Human Representations Found in Amphipolis Tomb Epistyle
- Published: Saturday, 29 November 2014 17:06
The Greek minister visited the Casta hill excavation site today to see the new findings and to be briefed on the progress of the project. A press conference followed the minister’s briefing, where Mr. Tasoulas said that “Amphipolis is an exercise in wonderment and patience.
National Geographic: Behind Tomb Connected to Alexander the Great, Intrigue Worthy of "Game of Thrones"
- Published: Monday, 24 November 2014 14:29
Suspense is rising as archaeologists sift for clues to the identity of the person buried with pomp and circumstance in the mysterious Amphipolis tomb in what is now northern Greece. The research team thinks the tomb was built for someone very close to Alexander the Great—his mother, Olympias; one of his wives, Roxane; one of his favorite generals; or possibly his childhood friend and lover, Hephaestion.
BBC: Greece archaeologists uncover Amphipolis floor mosaic
- Published: Tuesday, 21 October 2014 22:34
Archaeologists unearthing a huge ancient burial site at Amphipolis in northern Greece have uncovered a large floor mosaic.
The mosaic - 3m (10ft) wide and 4.5m (15ft) long - depicts a man with a laurel wreath driving a chariot drawn by horses and led by the god Hermes.
The burial site is said to be the largest ever found in Greece.
It dates from the late 4th Century BC, spurring speculation that it is linked to Alexander the Great of Macedon.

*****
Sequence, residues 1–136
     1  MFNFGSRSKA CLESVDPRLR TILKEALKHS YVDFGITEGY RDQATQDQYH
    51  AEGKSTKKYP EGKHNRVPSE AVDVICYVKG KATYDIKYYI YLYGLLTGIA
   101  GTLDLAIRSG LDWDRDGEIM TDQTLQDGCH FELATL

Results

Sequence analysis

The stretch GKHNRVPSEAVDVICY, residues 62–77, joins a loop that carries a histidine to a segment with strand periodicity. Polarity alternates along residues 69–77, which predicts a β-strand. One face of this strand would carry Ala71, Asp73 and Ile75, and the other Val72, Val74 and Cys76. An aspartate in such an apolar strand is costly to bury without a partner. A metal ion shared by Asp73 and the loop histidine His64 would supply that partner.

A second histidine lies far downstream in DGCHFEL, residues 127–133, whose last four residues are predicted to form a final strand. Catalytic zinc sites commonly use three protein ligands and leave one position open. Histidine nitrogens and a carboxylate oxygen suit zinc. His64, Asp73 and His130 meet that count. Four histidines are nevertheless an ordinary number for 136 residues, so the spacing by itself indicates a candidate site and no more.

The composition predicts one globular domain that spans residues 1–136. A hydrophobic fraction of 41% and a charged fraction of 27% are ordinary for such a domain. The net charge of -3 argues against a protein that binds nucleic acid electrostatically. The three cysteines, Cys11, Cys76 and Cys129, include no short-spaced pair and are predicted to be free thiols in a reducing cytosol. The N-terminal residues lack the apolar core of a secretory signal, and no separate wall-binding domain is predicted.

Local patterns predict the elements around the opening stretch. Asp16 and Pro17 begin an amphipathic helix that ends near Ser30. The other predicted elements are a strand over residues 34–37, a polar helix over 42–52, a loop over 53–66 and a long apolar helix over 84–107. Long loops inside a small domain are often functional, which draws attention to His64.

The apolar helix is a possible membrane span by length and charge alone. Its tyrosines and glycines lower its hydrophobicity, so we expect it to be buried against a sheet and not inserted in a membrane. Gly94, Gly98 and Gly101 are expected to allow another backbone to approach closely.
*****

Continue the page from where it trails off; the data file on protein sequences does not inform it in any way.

Archaeologists started digging in August and think the magnificence of the tomb means it was built for someone very important.
CNN: Greece hopes tomb discovery breathes life into economy
- Published: Tuesday, 21 October 2014 22:26
Athens, Greece (CNN) -- An imposing ancient floor mosaic depicting a man driving a chariot drawn by horses and led by the Greek messenger god Hermes is the latest in a series of remarkable finds archaeologists have unearthed in the largest ancient tomb found in Greece, at Amphipolis in the country's north.
National Geographic: Who's Buried in Largest Tomb in Northern Greece?
- Published: Monday, 20 October 2014 22:50
Archaeologists excavating a massive burial mound in northern Greece have uncovered this female figurine, one of a pair sculpted from marble.
Dating to the tumultuous years surrounding the death of Alexander the Great, between about 325 and 300 B.C., the tomb is the largest ever found in northern Greece—a resting place monumental enough for royalty.
The burial borders the ancient Aegean port of Amphipolis (near modern-day Amfípoli), which once served as the base for the fleet that Alexander the Great took on his invasion of Asia.
Fans of ancient history are laying bets on who was buried in the dark heart of a massive marble-walled tomb that is slowly coming to light in northern Greece.
The Guardian: Mosaic uncovered in northern Greece could mark royal Macedonian tomb
- Published: Monday, 20 October 2014 22:44
Archaeologists excavating Amphipolis site have discovered an intricate, and largely intact, floor mosaic dating back to 300BC
The mosaic found at the mysterious Alexander The Great-era tomb near Amphipolis in the Macedonian region of northern Greece. Photograph: Handout/AFP/Getty
Two days after bones found in northern Greece were confirmed to be those of Alexander the Great’s father, archaeologists excavating a vast ancient tomb in Amphipolis have uncovered an intricate floor mosaic that could signal another royal Macedonian grave.
The mosaic, measuring three metres by 4.5 metres wide, depicts a horseman with a laurel wreath driving a chariot and two horses after Hermes, the Greek god of travel and guide to the underworld.